Risk Factor: Helping a carer with more home support

The importance of safeguarding vulnerable service users has, quite rightly, been highlighted in recent years. But sometimes it is carers who find themselves being manipulated by others. Richard Pearl, a social worker with older people, describes a complex case involving a mother and daughter.

“The initial referral was for the mother concerning carer support and possible housing issues,” he explains. “I went there to assess the mother’s needs, but also with a view to looking at the carer support too.

“What struck me was that the relationship was under duress,” he says. “The only time Daphne got out of the house was when she did the shopping. It was obvious that the daughter was under incredible stress. She was shaking during the assessment.”

Pearl felt that respite was “the natural thing to suggest”. Muriel, on the other hand, had little desire for anything to change.

After weeks of encouragement from Pearl, Muriel relented and agreed to spend some time in a respite home. Pearl gave Daphne a lift to pick Muriel up from her respite stay and it was on this short journey that Daphne’s concerns came tumbling out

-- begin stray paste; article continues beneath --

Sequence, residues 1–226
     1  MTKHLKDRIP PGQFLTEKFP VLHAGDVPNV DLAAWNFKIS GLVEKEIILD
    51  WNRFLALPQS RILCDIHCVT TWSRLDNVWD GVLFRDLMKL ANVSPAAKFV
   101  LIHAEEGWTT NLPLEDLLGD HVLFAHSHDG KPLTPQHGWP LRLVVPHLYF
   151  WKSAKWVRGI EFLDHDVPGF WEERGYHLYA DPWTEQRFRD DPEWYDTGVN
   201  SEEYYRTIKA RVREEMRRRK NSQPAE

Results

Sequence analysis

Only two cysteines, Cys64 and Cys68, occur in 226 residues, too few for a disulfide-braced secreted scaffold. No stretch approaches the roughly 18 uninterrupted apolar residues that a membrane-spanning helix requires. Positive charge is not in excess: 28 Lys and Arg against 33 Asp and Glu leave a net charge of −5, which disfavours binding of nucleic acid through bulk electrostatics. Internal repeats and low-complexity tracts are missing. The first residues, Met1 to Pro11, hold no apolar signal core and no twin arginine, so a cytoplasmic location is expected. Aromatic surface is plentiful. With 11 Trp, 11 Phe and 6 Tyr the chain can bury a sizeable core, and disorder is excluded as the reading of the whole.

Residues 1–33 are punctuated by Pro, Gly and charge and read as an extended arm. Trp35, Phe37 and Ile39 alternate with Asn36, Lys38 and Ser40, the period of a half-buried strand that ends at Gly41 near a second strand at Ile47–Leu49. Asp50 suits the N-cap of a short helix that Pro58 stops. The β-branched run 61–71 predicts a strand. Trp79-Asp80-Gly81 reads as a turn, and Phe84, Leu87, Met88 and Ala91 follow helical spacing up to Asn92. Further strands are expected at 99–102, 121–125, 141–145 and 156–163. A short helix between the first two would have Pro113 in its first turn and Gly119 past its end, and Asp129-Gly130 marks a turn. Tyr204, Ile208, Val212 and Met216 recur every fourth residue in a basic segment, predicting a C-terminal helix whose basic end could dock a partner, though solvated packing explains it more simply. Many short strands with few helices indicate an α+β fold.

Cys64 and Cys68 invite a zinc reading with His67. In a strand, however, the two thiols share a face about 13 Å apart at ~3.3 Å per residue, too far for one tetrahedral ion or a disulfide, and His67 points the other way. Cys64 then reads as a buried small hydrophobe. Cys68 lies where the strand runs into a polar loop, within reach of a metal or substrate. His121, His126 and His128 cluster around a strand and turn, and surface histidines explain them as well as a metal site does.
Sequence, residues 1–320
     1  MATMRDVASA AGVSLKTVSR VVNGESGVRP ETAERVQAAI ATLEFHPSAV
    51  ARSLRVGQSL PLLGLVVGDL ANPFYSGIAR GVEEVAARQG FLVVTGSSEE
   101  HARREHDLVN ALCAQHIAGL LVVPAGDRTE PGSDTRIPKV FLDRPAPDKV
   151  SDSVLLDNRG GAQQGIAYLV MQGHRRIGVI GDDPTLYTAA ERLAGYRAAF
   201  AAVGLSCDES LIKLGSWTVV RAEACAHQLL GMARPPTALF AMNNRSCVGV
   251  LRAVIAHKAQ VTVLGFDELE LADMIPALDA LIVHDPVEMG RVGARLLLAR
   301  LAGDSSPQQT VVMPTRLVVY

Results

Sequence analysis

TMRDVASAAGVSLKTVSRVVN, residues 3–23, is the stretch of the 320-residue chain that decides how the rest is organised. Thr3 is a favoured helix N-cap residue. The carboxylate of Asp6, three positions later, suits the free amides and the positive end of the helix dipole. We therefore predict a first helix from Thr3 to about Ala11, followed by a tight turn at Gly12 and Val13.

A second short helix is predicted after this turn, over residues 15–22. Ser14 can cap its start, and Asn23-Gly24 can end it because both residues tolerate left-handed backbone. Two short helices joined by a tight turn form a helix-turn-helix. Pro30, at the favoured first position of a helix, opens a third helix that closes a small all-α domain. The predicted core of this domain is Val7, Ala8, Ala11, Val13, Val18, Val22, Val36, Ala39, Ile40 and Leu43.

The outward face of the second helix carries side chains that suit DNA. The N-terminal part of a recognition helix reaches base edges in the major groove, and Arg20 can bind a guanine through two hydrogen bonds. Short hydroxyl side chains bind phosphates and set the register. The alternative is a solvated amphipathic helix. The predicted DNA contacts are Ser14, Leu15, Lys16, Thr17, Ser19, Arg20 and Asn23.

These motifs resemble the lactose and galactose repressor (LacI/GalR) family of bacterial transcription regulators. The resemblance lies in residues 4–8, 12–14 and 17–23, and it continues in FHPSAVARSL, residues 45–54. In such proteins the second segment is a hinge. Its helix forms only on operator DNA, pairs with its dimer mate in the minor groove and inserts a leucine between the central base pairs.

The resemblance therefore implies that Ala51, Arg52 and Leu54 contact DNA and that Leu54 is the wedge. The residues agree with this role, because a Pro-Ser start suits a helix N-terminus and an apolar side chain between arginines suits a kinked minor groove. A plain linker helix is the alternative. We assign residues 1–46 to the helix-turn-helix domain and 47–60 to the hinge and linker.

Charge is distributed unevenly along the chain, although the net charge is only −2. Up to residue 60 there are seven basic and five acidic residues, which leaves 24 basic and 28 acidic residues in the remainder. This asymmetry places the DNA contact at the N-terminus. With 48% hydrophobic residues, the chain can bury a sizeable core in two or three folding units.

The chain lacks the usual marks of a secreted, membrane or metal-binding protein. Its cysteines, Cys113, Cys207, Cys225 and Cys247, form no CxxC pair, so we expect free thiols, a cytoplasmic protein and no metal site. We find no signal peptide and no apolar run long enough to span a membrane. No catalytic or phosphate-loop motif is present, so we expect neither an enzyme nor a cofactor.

“She said that her father had left the household when she was in her teens and she had been taken out of school permanently to care for her mother,” Pearl says. “Her mother was possessive and controlling, restricting whatever she did, not letting her have a job or a social life. She was also abusive, both verbally and psychologically.”

Additional home care support

Pearl put in place some additional home care support. He also tried to persuade Muriel that her daughter was stressed. She refused to accept this. “As a result, things got slightly worse,” he says. “I later found out that she would throw things in a rage when I had raised concerns about her daughter.”

Muriel went into respite several more times. This gave Daphne a chance to contact refuge staff on the phone. She contemplated leaving home, but was afraid of the consequences. “I helped her contact a local women’s refuge,” says Pearl.

“Initially she was concerned that her mother would carry out a threat to kill herself. I never thought there was a real risk of this happening, but you can never be sure.”

During one of her mother’s respite stays, Daphne plucked up the courage and left for the refuge with help from Pearl. “She absolutely thrived there,” he says. “She did things she had never done before such as making friends and going on the bus alone. She saw the sea for the first time. She gained an awful lot more confidence.”

Return home

A year on, Daphne decided to return to her home town, where she found her own flat and attended an adult learning centre. Although she experienced some problems with independent living she managed to live alone for about six months, during which time she visited her mother.

In that period much had changed with her mother. “Muriel had also started going to a day centre and had become more independent. She made her own friends at the centre and enjoyed the activities, such as bingo,” says Pearl.